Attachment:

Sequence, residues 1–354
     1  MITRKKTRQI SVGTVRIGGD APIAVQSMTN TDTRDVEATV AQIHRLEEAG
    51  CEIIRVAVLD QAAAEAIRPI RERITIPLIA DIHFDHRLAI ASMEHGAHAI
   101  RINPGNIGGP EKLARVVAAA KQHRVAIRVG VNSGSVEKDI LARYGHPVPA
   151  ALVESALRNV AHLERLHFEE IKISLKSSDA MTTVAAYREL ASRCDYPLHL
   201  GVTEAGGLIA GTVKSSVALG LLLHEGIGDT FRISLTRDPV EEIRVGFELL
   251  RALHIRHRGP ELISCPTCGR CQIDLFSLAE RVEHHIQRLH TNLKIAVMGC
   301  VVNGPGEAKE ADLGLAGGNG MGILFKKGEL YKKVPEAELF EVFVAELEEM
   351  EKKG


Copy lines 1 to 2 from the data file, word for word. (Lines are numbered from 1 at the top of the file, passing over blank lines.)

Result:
Sequence, residues 1–354
     1  MITRKKTRQI SVGTVRIGGD APIAVQSMTN TDTRDVEATV AQIHRLEEAG